The judge's ruling that allowed Mike Pence to testify before the grand jury about the assault on the Capitol was released

The historic photo of Mike Pence presiding over the session of Congress to certify the results of the Electoral College, on January 6, 2021.

Photo: Erin Schaff-Pool/Getty Images

The figures who pressured Mike Pence to reject the certification of the electoral votes of Joe Biden on January 6, 2021, they asked him to act “illegally”, ruled the chief judge of the Washington DC federal district court in a secret decision in April, and that decision It's the key to understand how a judge made it easier for former Vice President Mike Pence to answer questions from the special prosecutor Jack Smith about the events that led to the attack on the United States Capitol.

The 19-page opinion of the District Court of Columbia judge. James E Boasberg, that the judge partially revealed Friday at the behest of the media, paved the way for investigators of the special prosecutor Jack Smith Former Vice President Pence will be questioned about his conversations with different people that focused on Pence rejecting Biden's supporters, possibly to nullify the 2020 presidential election and get Donald Trump elected instead, according to Politico.

Federal Judge Boasberg presides over the court where the trials of the assailants who broke into the United States Capitol on January 6, 2021 are held, as well as the grand jury that attends the investigations of Attorney General Jack Smith on the former president Donald Trump and the possible attempt to annul the result of the 2020 elections.

Pence had initially fought special counsel Jack Smith's subpoena, investigating attempts to overturn the 2020 election result that culminated in the January 6, 2021 assault on the United States Capitol.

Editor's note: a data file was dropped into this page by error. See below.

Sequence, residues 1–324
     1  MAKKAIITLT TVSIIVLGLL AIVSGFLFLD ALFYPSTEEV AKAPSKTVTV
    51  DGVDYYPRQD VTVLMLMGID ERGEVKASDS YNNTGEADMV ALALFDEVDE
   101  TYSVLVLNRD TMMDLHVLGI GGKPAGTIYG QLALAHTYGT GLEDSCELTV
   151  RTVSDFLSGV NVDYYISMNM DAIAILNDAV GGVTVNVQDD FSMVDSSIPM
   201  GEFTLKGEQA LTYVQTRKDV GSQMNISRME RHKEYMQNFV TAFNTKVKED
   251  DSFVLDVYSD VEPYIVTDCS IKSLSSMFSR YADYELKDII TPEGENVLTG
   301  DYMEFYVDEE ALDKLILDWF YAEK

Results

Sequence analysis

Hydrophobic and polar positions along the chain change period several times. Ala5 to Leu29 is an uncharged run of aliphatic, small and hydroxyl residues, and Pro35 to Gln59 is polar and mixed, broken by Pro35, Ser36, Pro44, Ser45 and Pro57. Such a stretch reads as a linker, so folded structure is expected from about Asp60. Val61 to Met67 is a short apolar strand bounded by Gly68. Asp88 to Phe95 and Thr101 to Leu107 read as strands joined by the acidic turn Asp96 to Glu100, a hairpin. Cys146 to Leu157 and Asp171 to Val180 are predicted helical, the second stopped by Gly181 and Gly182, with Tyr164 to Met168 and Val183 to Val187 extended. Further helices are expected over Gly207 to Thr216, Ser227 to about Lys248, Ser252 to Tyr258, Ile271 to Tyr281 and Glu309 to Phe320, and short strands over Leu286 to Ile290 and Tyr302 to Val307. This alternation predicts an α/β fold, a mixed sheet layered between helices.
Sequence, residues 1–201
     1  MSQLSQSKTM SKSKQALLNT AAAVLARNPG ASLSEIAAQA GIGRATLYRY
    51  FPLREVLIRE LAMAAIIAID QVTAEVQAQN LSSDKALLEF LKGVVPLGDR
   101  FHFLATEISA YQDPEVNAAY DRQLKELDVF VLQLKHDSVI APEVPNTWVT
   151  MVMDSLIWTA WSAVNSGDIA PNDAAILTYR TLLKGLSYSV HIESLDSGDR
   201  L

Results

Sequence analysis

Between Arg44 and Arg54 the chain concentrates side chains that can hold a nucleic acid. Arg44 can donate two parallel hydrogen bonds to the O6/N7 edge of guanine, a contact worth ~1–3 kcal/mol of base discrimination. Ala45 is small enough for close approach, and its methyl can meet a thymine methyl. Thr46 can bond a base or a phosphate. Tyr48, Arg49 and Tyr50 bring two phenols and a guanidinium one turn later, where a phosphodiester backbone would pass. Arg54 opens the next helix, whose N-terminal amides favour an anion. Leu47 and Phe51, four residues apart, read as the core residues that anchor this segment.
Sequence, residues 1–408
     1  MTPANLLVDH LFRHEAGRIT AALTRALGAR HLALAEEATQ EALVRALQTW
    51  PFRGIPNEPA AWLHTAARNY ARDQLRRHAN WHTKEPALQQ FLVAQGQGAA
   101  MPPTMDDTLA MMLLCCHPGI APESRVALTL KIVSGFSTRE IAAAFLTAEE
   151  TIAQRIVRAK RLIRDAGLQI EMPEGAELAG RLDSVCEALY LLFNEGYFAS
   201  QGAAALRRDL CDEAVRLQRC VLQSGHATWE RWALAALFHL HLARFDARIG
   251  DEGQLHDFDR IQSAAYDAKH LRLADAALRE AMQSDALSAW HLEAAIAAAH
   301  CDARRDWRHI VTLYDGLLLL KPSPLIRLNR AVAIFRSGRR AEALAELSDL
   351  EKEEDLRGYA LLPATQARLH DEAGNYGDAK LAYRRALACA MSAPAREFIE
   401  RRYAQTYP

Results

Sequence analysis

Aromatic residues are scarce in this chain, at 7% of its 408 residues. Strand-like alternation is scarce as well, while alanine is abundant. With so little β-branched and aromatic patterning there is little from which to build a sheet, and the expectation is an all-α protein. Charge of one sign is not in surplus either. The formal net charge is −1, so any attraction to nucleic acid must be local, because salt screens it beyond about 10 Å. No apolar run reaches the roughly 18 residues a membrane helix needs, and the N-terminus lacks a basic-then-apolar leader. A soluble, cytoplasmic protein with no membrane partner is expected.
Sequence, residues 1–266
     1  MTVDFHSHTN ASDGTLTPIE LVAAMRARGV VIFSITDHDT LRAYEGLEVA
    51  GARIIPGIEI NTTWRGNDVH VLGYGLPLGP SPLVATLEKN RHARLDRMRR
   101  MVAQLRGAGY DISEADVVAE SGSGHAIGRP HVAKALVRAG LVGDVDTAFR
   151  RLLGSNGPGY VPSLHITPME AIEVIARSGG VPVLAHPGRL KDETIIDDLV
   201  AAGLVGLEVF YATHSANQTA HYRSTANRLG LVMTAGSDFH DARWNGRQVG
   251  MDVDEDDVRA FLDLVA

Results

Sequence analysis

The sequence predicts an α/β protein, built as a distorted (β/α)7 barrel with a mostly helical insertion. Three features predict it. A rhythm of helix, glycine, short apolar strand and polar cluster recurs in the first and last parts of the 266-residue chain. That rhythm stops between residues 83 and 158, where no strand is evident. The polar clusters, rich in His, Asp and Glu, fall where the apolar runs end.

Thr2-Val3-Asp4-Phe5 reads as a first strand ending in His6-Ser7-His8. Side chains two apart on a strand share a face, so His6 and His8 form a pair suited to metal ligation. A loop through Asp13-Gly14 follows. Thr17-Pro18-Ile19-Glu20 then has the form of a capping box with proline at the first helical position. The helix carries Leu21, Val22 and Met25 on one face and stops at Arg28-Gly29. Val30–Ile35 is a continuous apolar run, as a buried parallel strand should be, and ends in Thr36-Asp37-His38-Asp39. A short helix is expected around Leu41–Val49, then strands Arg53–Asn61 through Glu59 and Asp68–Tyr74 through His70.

In one of his first official acts, Chief Judge Boasberg issued what could become a landmark ruling when he ordered former Vice President Mike Pence to testify about his contacts with Trump in the days leading up to the insurrection.

Last March, Pence hailed what he called a landmark decision by US District Judge James E. Boasberg of Washington, DC, accepting that Pence could remain silent on issues specifically related to his role in Congress. on January 6, when he chaired a joint session of Congress to confirm the results of the presidential election, which was disrupted by a violent pro-Trump mob.

Pence called Boasberg's ruling the first to expose how a vice president also qualifies for the constitutional protection lawmakers enjoy of being forced to testify even in criminal investigations, according to The Washington Post, which also reported Friday on the partially disclosed Boasberg ruling.

Boasberg said in his ruling that the protection is limited to lawmakers' official duties or actions taken in preparation for them, and it does not extend to "communications urging a legislator to act illegally."

Boasberg's ruling and reasoning had been kept secret until now because grand jury rules generally prohibit anyone but witnesses from discussing them. News organizations asked the judge to disclose them and on Friday he granted their request, noting that disclosures made by Pence and his team removed the need for secrecy.

“The bottom line is that conversations calling for Pence to turn down voters on January 6 are not shielded” from the investigation, Boasberg said in his opinion.

Pence, who is running against Trump for the 2024 Republican presidential nomination, has positioned himself as a reluctant witness who has fought demands for his testimony. Still, he discussed the events that led to the attempt to overturn the 2020 election result in his book published late last year, "So help me God," and in promotional interviews.

Keep reading:

– Judge orders Pence to testify about conversations he had with Trump before January 6
– Mike Pence will not hit ruling that forces him to testify for the riots of January 6
– Trump loses appeal to block Pence from testifying before grand jury on January 6
– Pence unmasked Trump at CNN town hall: “He asked me to choose between him and the Constitution”

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